Fortunately, as with most Metroidvanias, Haiku has a unique gimmick that sets itself apart from the rest. The little robot can heal itself by using the spare parts found from defeated enemies. These spare parts also double as currency to be used at various shops. The caveats are that self-repair takes several seconds to do so and Haiku is a sitting duckbot. Taking any damage while repairing will cancel the action as well as losing a hit point. The second caveat is that each second spent repairing increases your overheat gauge.


The overheat gauge is Haiku The Robot's version of "Stamina" in other games and it's mainly used to dash. If Haiku overheats, it cannot use any actions until the gauge cools off, which includes self-repair. Still, the option for the player to replenish health away from a safe point is mercy that most players aren't given in other titles. During boss fights, there are moments when the boss stops attacking to signal a new phase. Here the player can decide to pursue more damage or repair the damage taken to ensure survivability. These decisions are all based on confidence.

Dying, however, will cost Haiku half of the spare parts he has on hand. After spending hours accumulating parts, it's a travesty to see all your hard work slammed shut. Unlike Souls-like games, there's no way to recover the spare parts, making each fight a risk. Fortunately, spread across the world are these banks where you can put your spare parts on hand in savings. You cannot lose these spare parts and they are used during transactions, but doing so will limit the amount you can repair yourself. Each health point takes about nine spare parts to restore, so having at least 36 on hand is enough to restore all of your health.


While the goal of Haiku The Robot is in its exploration, the game does a good job at letting the player know what spaces are inaccessible without a power-up. Until the player gets the Magnet power-up, the player can't reach higher areas via wall-kicking Mega Man X-style. Likewise, there are areas where the heat is so intense, Haiku's overheat gauge will instantly spike following an explosion. By the time I reached the water ducts, I realized that water isn't a kind friend to Haiku either. I'd need items to handle the heat and the water, but there was always somewhere else to go.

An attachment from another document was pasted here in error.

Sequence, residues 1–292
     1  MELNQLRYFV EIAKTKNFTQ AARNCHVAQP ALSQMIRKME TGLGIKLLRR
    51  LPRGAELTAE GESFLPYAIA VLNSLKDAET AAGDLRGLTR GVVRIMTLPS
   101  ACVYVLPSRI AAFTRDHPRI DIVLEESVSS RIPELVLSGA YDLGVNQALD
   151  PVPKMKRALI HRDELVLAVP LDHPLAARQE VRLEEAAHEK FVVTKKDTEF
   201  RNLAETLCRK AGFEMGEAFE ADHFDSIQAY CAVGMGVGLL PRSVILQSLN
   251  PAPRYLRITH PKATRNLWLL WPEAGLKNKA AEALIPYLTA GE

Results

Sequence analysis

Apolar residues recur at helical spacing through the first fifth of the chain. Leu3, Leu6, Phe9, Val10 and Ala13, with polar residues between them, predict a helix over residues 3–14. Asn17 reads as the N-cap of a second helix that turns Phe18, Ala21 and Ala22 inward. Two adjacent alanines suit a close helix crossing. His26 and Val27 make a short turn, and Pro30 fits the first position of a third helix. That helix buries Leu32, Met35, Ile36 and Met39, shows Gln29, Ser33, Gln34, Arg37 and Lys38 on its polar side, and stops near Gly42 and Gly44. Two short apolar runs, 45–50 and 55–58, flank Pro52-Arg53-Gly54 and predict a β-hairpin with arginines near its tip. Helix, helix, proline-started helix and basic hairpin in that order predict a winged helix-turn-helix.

One of the NPCs tells Haiku to never stop exploring and I feel this is the overall sentiment of the game thus far. You are a small robot in a large and threatening world. You will die and lose progress, but as you explore you'll find ways to mitigate your losses. There are chips that Haiku can equip in safe areas that limit the number of spare parts you lose on death. Others reveal collectibles on the map, increase the sword's length and speed, and summon helper bots to damage enemies. Each loadout is meant to be unique to the player depending on their playstyle and the location it calls for.


Haiku The Robot is one of many Metroidvania's and beat-em-ups on the Nintendo Switch released this year, but this is a must-play for fans. The charming retro-inspired graphics, easy to learn hard to master gameplay, and aesthetic set itself up as a family-friendly experience. Haiku's challenging moments pushed me to play as clean as possible, especially once I identified a boss's pattern. The lesson here is patience. Players who take their time with this expansive universe will see its artistic nature. Sometimes it's nice to stop and smell the rusted metal of a mutant robot out to mince you into parts.

Haiku The Robot is now available on the Nintendo Switch and PC. Players can purchase the Nintendo Switch version Here and the Steam version Here respectively.